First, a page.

In this photo made Thursday, August 2, 2012, Maggy Mulhern, left, and Katharine Mead, prepare a lobster bake for dinner on the shore of a small island in Penobscot Bay Maine. (AP Photo/Robert F. Bukaty)
PORTLAND, ME - SEPTEMBER 29: Small lobsters sit in a crate waiting to be unloaded at Free Range Fish & Lobster on Commercial Street in Portland, Tuesday, September 29, 2015. Much like most of the lobster season, it was busy Tuesday afternoon inside the business, with many customers placing orders for the crustaceans. (Photo by Gabe Souza/Portland Press Herald via Getty Images)
STONINGTON, ME - SEPTEMBER 5: Genevieive McDonald replaces a bait bag in a lobster trap while fishing off the coast of Stonington on September 5, 2015. In 2012, McDonald saw dozens of longfin squid near Isle au Haut. The squid like warmer water and are rarely seen in the Gulf of Maine but there were numerous sightings of the squid during the 'ocean heat wave' of 2012. (Photo by Gregory Rec/Portland Press Herald via Getty Images)
HARPSWELL, ME - AUGUST 31: Marissa McMahan holds a juvenile lobster in Lowell's Cove in Harpswell on Monday, August 31, 2015. While lobstering with father off Georgetown in 2012, McMahan discovered black sea bass in the lobster traps, a fish normally found in warmer mid-Atlantic waters. McMahan is now a doctoral student at Northeastern University doing her dissertation on how black sea bass are spreading and interacting with with lobster and other native species. (Photo by Gregory Rec/Portland Press Herald via Getty Images)
OGUNQUIT, ME - AUGUST 20: Cam Hall puts a bag of cooked lobsters into a cooler mounted on the back of a scooter at the Perkins Cove Lobster Pound in Ogunquit on Thursday, August 20, 2015. The lobster pound uses coolers to help keep the cooked lobsters warm during delivery. (Photo by Gregory Rec/Portland Press Herald via Getty Images)
OGUNQUIT, ME - AUGUST 20: Josh Audet paddles out to his lobster boat Karmel in Perkins Cove in Ogunquit before dawn on Thursday, August 20, 2015. Audet works long days, starting lobstering before dawn and often working until 9 p.m. at the Perkins Cove Lobster Pound, his business that offers delivery of cooked lobster and clams. (Photo by Gregory Rec/Portland Press Herald via Getty Images)
PORTLAND, ME - JULY 22: Bill Coppersmith of Windham holds a normal looking lobster next to a bright orange lobster that he caught while fishing in deepwater canyons in the Gulf of Maine with his steersman Brian Skillings Wednesday, July 22, 2015. Coppersmith said he has never seen an orange lobster like this in many years of fishing, though he did snag a white lobster in 1997. Coppersmith named him 'Captain Eli' after his four-year old grandson. The lobster will be kept at the Fisherman's Catch in Raymond, run by Coppersmith's son, Billy Jr., for about a month before Coppersmith brings him back out to deep water and releases him back into the ocean. (Photo by Gabe Souza/Portland Press Herald via Getty Images)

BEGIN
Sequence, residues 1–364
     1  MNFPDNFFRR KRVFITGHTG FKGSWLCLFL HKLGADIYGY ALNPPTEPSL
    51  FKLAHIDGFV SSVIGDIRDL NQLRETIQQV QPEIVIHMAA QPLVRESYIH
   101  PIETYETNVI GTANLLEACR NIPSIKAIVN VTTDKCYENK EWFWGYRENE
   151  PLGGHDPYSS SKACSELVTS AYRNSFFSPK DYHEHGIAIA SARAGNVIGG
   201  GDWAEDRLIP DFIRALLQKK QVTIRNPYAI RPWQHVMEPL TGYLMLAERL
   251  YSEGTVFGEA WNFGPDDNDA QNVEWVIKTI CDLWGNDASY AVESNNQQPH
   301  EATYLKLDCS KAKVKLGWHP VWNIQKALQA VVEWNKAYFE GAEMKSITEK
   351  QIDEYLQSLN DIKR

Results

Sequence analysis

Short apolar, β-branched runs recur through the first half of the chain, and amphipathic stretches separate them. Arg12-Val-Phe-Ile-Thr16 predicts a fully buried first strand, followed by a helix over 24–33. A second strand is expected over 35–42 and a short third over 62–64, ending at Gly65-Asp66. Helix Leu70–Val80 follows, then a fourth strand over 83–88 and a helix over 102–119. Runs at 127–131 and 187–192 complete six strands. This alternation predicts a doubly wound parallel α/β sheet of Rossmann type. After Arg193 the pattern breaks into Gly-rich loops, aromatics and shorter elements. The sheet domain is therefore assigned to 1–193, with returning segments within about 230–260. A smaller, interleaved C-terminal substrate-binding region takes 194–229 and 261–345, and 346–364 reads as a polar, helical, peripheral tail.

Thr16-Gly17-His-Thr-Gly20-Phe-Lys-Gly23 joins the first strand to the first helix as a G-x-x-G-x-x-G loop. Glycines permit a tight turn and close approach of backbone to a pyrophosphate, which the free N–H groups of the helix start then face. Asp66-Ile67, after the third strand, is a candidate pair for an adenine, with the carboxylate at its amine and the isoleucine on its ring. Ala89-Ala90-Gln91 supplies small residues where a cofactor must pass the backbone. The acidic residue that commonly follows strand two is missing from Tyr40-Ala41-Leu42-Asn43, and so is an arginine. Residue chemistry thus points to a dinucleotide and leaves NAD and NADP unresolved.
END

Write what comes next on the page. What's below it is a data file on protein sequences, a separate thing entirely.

PORTLAND, ME - March 5: A lobster at Harbor Fish Market in Portland Thursday, March 5, 2015. (Photo by Shawn Patrick Ouellette/Portland Press Herald via Getty Images)
Harraseeket Lunch and Lobster: Either way you want 'em. (Steve Dolinsky/Chicago Tribune/TNS via Getty Images)
CAPE ELIZABETH, ME - JUNE 29: Lobster is featured at several local restaurants at the Taste of Maine event held at Fort Williams Park in Cape Elizabeth Sunday, June 29, 2014. (Photo by Jill Brady/Portland Press Herald via Getty Images)
A gull swims back to shore to feast on a lobster body at Pine Point in Scarborough on Saturday, July 27, 2013. (Photo by Carl D. Walsh/Portland Press Herald via Getty Images)
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The future isn't rosy for either creature. Per the Washington Post:
The outbreaks are so lethal, according to a biologist involved in both studies, that at least one species of sea star has vanished off the coasts of Washington and British Columbia and the lobster fishery, already decimated in southern New England, will likely be threatened in Maine.
Scientists first observed the disease affecting lobsters in the '90s, off the Long Island Sound and elsewhere along the East Coast. It seems warmer waters hastened its spread, with females especially at risk because they molt more often and carry their shells longer.
"Shell disease has devastated the southern New England lobster fishery, and now with warming, it's led to a situation where the Maine lobster industry may be at risk," one of the study's co-authors warns.
Scientists aren't sure what actions to recommend taking, since about all they can do at this point is try not to make things worse, but they say they'll reassess the situation in the spring. If it's bad enough, don't be surprised to see calls in New England to further curb water pollution, boat traffic, and other modes of transmission in affected areas.